But, yeah, I mean, that gun sliding away and the rest, I know, they’re part of the grammar or syntax of film or something — without the economy (metonymy, really, or, I assume, ‘cinematic shorthand’) they provide, the movie would bloat and swell and take four hours to even start to tell itself. However, that doesn’t excuse the French bread. And don’t even get me started on fruit carts and car chases.
First, as this is just all about the end of THE DESCENT, then, yep, it’s just chock full of spoilers. So stop here if:
- you’ve not seen it
- you’re going to see it
- and you don’t like to know how a thing’s going to end
Not meaning to say THE DESCENT has a gimmick-ending or anything — we don’t change perspective and slowly become aware that these are just action figures in a toy bin. But the two endings it does have, in being at odds with each other, are also kind of polarizing the horror audience one way or the other, it seems.
well, okay, Pinhead’s maybe not a true and classic slasher. but he’s got the look, anyway, and has been pretty vital to this project we call horror. was going to synch some music up with this, but have no clue how, without going the Flash-route. anyway, the bigger version’s here.
as to why I killed two hours of my afternoon making this:
Just because I don’t write reviews anymore. Just because they seem to use the same part of my brain I use to write. Anyway, The Omen: a remake in a year of remakes, yeah. Not quite as ‘reinterpretive’ as When a Stranger Calls and not quite as ‘faithful’ as Psycho, but, too, I’m not yet confident it’s the ‘improvement’ The Hills Have Eyes might have been (not that Craven messed up or was hamstrung by budget or any of that, just that it was a nice surprise, finding that I cared for that little monster girl at the end). Too, though, I do appreciate how much Father Spileto was a dead ringer for He Who Must Not Be Named, But Can Be Played Pretty Effectively by Ralph Fiennes. And the visuals and effects and acting were all good, I guess (I’m always so pulled in by story that, unless any of that’s bad enough to push me out of the experience, I don’t notice it–as it should be, I think, yes. Isn’t this how the score’s supposed to function as well?).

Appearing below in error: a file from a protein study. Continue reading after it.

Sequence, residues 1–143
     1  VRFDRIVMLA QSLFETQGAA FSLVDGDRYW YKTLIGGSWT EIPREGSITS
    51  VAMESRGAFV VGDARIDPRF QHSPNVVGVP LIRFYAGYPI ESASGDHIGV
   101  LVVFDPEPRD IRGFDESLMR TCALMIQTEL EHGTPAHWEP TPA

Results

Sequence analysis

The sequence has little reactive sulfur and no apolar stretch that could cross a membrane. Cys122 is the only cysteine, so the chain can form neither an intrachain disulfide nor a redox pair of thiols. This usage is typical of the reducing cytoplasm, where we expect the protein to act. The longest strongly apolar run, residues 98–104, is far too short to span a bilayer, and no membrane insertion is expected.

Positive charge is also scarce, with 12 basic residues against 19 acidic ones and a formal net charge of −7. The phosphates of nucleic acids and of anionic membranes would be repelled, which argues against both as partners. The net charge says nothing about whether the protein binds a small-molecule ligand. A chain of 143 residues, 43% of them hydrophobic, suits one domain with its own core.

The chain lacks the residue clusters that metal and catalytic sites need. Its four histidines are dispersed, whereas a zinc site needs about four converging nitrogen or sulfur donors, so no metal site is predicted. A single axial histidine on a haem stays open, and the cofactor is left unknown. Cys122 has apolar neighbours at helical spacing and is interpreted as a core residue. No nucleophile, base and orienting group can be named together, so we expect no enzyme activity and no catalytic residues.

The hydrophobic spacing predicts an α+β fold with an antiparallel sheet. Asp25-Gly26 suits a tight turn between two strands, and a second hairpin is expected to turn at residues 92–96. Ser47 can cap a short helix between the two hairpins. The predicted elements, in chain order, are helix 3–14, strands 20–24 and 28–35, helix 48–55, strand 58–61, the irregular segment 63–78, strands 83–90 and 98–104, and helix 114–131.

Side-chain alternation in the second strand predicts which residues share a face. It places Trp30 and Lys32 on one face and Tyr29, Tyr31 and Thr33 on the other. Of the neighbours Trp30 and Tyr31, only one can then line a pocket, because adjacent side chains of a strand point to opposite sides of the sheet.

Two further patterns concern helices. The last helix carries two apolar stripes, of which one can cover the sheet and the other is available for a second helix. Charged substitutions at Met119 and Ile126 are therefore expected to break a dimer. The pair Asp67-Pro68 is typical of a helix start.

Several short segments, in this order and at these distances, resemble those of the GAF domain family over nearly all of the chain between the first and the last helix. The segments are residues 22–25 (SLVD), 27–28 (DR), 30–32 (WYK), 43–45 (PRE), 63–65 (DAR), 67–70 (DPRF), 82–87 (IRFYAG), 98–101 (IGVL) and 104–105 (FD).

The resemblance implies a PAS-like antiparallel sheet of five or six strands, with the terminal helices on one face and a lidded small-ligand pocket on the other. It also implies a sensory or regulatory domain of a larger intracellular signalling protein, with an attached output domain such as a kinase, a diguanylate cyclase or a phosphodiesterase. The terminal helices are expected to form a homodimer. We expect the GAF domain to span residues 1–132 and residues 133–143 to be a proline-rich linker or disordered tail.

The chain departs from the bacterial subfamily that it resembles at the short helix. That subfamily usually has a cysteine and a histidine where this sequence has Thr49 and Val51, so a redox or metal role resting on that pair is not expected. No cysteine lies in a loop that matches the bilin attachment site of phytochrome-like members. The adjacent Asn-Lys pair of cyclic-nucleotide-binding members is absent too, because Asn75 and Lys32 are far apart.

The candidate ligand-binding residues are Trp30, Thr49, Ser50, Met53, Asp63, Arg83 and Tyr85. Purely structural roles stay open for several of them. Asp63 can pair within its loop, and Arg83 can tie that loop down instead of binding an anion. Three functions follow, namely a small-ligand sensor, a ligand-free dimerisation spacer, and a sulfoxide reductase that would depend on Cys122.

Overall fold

- Another BLEED INTO ME review. Montana Magazine. Here.
- This, from up front in Amy Taubin’s BFI book on TAXI DRIVER:
Really, it is not violence at all which is the ‘point’ of the western movie, but a certain image of man, a style, which expresses itself most clearly in violence. Watch a child with his toy guns and you will see: what most interests him is not (as we so much fear) the fantasy of hurting others, but to work out how a man might look when he shoots or is shot. A hero is one who looks like a hero.